As Google previews their next Android release (so far only referred to as ‘L’), we are beginning to learn more not only about a new design approach but also the new runtime that will offer performance beyond what we have seen before from the platform. Long relying on Dalvik as its backbone, Android L abandons the standard in order to migrate to ART, a cross-platform runtime that supports ARM, X86, and MIPS simultaneously.
The main difference between ART and Dalvik rests in how the runtimes handle the execution of applications. Dalvik used a JIT (just-in-time) compiler that only ran code as it was needed. ART relies on an AOT (ahead-of-time) compiler to process code in advance, resulting in a much smoother performance curve. ART has been in place since the launch of Android 4.4 as an option alongside Dalvik, but with this ‘L’ release it will become the standard.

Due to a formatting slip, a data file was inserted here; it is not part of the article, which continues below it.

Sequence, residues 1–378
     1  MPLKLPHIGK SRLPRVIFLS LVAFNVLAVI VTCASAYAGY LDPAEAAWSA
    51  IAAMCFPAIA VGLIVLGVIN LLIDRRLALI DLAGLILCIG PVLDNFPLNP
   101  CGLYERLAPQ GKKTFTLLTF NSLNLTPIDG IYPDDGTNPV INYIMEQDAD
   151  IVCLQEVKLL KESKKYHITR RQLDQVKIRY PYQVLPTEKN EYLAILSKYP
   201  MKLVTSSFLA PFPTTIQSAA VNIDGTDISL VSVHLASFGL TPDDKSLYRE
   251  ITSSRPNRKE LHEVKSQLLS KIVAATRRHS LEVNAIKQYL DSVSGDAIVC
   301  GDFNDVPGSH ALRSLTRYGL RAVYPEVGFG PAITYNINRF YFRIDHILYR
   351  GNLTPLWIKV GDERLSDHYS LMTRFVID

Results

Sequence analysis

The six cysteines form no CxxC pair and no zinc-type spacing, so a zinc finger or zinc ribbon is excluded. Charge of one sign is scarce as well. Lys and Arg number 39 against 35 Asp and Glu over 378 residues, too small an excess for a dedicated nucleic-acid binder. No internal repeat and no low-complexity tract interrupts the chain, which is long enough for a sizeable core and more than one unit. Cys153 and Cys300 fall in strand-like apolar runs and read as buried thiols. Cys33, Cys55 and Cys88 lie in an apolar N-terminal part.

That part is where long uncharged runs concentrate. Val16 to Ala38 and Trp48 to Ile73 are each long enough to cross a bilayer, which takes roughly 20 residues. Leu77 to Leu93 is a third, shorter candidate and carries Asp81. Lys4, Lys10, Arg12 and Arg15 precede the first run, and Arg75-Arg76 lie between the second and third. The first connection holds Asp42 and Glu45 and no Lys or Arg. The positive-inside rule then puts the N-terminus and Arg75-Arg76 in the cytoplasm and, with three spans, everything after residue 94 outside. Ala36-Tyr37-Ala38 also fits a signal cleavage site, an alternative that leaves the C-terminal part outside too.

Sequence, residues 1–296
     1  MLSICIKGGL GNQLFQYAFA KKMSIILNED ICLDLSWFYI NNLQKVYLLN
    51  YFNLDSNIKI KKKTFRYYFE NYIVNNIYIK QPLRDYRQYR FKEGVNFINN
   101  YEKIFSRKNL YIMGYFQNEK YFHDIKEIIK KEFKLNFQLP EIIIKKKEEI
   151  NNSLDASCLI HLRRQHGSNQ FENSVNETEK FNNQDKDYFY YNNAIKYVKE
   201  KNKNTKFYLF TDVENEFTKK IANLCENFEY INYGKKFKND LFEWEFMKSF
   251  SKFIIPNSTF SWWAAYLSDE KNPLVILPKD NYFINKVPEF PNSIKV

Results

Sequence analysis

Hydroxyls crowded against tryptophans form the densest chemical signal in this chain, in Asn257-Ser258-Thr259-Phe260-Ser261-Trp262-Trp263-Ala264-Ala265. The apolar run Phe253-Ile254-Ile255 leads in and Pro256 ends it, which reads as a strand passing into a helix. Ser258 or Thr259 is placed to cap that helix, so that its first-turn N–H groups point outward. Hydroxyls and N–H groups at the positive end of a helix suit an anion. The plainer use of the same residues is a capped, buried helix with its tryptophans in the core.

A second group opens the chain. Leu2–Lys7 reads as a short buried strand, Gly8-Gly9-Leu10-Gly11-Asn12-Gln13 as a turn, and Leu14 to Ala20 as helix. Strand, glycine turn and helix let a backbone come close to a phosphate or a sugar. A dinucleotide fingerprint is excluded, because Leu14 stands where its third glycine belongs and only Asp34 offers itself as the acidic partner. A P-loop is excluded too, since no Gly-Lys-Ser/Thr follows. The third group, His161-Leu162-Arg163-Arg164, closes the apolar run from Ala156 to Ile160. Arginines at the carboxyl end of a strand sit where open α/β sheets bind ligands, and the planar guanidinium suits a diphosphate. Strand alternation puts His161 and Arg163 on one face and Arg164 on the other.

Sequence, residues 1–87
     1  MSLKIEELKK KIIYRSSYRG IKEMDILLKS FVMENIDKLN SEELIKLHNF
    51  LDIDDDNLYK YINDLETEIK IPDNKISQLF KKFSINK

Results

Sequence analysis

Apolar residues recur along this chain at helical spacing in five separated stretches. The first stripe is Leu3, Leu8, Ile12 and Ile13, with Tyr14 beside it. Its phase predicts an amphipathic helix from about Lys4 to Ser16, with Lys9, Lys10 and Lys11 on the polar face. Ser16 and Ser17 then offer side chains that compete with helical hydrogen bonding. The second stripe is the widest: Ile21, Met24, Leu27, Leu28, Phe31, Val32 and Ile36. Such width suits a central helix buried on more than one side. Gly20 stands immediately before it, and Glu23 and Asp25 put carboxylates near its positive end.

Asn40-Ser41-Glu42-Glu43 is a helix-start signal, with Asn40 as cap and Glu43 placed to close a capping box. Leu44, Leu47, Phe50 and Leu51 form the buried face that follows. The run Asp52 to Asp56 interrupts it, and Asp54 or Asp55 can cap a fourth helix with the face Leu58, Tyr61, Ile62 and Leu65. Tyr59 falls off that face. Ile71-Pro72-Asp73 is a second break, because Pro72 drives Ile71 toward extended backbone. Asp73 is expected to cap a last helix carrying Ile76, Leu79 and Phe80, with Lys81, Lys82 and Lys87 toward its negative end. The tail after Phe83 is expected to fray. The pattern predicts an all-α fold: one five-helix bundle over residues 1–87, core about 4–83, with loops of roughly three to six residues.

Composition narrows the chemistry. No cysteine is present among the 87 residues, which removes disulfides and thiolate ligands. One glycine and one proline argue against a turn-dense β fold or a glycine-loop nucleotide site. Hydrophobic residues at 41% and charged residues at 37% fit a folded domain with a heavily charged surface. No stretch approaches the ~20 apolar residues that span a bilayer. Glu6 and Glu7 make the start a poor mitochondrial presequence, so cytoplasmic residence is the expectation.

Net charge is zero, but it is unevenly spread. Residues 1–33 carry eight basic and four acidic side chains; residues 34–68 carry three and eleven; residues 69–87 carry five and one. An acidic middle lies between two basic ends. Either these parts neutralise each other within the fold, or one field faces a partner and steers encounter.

ART is not only faster, but it also offers improvements in battery life thanks to more efficient processing. The best part is that the tun rime is immediately compatible with the existing Android ecosystem and its apps. Developers won’t need to do anything special to bring their apps and games in line with this latest runtime, but all will be able to benefit from the results.